Is there an advantage to being able to @ mention vs. just # linking, as Fibery already allows?
Both this request and the Support Adding Types to People App one just posted take that stance that A: “People” is an app in Fibery (in my view it’s not, at least not by any definition I can see that they use), and B: that the best solution to existing limitations is to expand the existing “People” type/app/whatever so that it can do what you want. I am not sure I agree with this.
I am uncertain of the best approach (and trust that the team will figure that out in time ), but I think it’s worth taking a step back to more specifically define the elements that are wanted/needed here, not as they relate to any existing seemingly related implementation, and think about other ways to approach it that may be more congruent with how Fibery already works. So for example, as I mentioned above, there is a desire to “@ mention”, but what is the specific reason this is wanted? What capability do you hope to get from this possibility, and is there another, perhaps better way to handle it?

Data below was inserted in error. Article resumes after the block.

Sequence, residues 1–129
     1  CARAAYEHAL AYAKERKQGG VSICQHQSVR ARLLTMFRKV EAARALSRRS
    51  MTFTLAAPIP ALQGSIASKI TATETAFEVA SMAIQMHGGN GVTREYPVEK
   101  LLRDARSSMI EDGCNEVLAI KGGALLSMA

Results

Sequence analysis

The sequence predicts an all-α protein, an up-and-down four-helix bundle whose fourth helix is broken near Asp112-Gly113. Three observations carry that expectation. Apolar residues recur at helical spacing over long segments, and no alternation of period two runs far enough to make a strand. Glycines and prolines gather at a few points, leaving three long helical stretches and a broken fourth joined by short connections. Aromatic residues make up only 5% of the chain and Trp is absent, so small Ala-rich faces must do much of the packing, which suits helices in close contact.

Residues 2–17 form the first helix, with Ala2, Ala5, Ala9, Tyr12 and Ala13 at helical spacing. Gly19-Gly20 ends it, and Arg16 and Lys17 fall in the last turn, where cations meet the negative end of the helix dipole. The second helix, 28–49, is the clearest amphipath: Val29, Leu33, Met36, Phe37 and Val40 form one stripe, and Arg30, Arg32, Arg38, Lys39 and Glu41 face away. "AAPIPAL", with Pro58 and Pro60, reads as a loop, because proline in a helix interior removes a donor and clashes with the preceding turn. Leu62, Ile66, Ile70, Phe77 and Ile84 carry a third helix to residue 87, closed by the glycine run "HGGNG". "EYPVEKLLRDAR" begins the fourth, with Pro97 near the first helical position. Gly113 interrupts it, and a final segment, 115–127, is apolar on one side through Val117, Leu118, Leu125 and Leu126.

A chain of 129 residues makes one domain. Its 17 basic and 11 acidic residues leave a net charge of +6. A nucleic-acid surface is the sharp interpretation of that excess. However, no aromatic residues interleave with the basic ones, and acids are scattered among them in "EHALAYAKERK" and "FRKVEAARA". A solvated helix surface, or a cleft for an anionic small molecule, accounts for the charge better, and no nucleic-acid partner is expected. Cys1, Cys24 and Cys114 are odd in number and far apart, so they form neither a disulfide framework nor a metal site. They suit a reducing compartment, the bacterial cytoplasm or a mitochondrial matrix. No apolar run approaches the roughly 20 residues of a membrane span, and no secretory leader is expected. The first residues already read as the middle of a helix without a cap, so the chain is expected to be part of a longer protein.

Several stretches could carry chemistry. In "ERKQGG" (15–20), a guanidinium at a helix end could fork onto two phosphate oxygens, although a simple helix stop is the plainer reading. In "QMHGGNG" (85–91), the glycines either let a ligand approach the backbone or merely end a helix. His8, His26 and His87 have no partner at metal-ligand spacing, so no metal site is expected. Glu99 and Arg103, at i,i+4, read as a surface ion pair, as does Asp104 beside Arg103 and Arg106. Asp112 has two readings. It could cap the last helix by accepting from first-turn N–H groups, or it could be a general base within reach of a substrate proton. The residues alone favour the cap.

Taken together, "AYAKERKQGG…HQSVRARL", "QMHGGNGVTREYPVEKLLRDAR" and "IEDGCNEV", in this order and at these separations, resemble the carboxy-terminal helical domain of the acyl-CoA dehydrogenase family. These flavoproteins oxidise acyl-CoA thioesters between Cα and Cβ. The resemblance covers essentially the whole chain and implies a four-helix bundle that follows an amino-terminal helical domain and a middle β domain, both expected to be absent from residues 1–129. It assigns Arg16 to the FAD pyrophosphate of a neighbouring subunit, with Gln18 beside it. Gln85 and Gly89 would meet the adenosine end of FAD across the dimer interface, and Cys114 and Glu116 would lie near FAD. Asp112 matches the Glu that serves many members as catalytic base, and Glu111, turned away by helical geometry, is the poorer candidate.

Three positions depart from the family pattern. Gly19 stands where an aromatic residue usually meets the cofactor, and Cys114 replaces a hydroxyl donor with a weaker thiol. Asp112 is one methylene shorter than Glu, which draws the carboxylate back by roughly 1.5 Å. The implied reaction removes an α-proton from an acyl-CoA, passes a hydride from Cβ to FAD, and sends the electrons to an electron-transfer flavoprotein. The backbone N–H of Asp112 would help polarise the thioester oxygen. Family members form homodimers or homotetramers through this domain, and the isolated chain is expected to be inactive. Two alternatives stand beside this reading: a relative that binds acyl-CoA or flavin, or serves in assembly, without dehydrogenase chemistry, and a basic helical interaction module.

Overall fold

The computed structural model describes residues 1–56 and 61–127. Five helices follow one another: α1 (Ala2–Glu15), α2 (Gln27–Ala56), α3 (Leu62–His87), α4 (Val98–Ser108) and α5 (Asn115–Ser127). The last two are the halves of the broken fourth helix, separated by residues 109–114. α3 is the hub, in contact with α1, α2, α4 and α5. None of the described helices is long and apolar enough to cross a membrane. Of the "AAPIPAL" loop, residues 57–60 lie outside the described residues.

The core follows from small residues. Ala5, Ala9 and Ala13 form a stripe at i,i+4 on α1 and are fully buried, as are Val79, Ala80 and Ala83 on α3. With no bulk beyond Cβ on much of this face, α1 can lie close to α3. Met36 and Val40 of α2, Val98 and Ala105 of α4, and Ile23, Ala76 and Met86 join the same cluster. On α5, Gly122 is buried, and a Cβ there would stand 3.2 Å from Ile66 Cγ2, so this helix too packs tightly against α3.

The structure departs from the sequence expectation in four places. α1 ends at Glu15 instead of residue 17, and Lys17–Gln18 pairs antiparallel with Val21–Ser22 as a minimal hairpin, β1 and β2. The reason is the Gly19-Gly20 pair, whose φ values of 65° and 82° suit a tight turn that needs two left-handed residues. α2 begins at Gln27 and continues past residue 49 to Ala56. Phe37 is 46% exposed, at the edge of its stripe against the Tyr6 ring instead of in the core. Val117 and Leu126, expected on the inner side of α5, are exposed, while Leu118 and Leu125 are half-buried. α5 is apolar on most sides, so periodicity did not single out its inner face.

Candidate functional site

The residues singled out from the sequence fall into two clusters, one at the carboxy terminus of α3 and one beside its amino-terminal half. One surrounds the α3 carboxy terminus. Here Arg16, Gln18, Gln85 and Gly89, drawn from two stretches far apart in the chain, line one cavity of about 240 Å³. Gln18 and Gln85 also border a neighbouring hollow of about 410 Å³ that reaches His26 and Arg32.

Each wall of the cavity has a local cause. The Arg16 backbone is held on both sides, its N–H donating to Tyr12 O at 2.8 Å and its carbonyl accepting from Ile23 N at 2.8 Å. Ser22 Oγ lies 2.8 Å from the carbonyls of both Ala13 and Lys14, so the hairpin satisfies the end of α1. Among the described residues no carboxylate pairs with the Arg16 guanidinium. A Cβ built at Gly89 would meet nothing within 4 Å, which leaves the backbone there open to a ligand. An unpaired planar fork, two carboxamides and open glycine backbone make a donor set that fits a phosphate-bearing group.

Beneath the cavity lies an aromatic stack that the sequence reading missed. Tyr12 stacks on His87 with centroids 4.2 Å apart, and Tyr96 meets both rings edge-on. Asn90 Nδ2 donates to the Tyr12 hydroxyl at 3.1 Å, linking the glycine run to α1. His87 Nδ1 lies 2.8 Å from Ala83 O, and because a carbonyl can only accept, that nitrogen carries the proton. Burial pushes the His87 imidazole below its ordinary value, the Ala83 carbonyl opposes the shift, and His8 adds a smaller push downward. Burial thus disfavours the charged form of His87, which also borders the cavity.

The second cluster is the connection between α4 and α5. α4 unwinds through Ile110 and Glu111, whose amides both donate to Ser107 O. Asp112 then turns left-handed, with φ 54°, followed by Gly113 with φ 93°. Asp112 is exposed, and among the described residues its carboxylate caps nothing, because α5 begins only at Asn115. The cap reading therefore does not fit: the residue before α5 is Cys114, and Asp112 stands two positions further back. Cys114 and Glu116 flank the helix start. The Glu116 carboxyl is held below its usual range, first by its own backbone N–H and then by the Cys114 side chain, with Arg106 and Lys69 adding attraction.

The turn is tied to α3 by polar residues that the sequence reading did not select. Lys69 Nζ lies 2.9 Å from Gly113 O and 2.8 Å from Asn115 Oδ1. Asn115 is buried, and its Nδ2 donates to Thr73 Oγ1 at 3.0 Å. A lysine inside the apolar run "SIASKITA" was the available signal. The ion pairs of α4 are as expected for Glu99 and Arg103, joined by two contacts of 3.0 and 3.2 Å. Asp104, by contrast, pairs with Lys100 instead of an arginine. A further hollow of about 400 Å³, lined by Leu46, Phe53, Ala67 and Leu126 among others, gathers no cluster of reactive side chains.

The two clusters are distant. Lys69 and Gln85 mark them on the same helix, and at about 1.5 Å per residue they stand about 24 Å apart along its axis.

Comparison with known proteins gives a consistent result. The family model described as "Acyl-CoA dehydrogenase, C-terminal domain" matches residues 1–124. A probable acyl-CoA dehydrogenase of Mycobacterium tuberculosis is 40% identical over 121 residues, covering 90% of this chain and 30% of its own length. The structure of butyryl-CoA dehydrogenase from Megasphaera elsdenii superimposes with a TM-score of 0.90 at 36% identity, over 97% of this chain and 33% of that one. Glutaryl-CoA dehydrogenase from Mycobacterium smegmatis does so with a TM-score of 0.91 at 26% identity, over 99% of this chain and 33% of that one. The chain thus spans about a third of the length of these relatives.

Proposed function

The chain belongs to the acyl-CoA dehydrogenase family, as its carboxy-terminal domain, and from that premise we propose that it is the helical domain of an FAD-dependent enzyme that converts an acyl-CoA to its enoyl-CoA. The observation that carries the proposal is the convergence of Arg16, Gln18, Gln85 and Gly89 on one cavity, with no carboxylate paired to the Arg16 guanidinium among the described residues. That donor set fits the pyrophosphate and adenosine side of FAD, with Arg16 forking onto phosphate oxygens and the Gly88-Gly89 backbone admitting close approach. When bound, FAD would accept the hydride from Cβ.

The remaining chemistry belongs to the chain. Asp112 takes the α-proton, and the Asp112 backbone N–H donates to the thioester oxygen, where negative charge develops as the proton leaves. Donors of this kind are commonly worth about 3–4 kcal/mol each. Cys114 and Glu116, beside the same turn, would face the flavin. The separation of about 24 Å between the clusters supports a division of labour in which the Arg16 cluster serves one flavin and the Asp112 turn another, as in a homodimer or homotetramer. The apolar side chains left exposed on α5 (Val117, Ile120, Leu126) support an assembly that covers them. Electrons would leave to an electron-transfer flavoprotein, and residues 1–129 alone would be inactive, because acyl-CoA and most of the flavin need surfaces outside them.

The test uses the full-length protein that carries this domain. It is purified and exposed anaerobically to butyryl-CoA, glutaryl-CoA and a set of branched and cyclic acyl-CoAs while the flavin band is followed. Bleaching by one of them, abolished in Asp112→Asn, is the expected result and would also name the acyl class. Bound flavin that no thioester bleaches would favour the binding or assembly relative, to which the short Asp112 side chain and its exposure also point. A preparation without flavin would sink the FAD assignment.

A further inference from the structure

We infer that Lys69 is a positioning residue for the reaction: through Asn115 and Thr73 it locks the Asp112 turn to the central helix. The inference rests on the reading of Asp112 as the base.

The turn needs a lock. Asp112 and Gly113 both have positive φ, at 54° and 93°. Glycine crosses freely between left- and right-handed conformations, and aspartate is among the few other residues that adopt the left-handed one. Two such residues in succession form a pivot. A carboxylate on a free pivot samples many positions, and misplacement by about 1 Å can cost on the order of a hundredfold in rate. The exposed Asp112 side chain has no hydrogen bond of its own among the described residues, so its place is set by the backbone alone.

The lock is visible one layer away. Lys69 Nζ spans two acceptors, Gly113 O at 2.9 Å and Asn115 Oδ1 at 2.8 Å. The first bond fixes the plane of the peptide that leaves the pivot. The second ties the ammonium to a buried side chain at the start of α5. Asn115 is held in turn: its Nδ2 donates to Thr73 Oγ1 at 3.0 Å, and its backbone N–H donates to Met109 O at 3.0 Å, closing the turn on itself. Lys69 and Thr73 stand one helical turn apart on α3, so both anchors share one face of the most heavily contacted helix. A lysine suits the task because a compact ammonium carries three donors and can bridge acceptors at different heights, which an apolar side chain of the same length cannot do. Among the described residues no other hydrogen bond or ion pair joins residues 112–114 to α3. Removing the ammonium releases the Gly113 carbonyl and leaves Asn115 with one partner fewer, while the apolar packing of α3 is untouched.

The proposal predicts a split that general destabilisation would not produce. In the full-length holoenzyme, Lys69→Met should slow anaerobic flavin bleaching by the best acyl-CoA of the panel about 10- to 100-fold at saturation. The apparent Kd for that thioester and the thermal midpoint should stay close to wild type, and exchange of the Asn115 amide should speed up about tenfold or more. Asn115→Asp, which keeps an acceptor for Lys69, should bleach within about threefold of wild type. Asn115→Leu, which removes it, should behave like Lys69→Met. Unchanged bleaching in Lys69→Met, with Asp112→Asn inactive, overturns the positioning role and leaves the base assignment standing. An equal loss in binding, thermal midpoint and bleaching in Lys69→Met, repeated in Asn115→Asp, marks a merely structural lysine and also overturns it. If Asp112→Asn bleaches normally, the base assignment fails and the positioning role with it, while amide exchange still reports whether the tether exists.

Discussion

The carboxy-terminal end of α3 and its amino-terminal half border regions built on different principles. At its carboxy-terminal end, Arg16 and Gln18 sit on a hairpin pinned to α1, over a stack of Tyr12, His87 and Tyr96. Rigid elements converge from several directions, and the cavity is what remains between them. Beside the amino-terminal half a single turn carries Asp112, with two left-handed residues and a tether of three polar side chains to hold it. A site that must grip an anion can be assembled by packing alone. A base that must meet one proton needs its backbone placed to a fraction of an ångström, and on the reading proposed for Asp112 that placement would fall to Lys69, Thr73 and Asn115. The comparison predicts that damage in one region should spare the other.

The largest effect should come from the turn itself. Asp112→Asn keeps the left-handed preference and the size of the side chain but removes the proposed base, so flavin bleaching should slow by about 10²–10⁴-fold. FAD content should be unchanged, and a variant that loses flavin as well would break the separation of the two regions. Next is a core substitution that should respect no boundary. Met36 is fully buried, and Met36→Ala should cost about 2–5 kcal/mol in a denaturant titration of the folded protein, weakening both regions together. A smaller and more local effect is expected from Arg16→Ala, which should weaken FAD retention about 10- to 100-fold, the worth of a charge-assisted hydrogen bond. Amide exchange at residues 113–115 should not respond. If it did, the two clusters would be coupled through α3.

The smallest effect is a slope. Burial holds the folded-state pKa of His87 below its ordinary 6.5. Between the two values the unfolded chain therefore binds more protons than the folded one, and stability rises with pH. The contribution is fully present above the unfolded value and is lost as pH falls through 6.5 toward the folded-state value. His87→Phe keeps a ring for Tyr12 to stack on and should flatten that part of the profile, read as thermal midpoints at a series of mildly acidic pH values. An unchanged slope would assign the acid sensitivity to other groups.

My personal feeling is that the existing user management functions should not be “People” and should not be represented as an “App”, though it is indeed at present. Rather than seeing this highly specialized (workspace access control) functionality broadened to work like a type, I would prefer to see user management in its own area, and then to be able to add “Workflows” to any type that would do the kinds of things you are wanting. E.g. one or more of the following: allow @tagging (with what benefits additional to # linking?), linking to actual user profiles/access controls, etc.
In other worlds you build your “People” type however you want, in whatever App you want, then just add the link to actual system users if desired. And if you do, the links are, like any link, optional. Some “People” entities will have “system users” linked, others will not, but the “person” entity will still be useful without it. When such a link exists, it would e.g. connect @s to Activity Stream of that user, etc.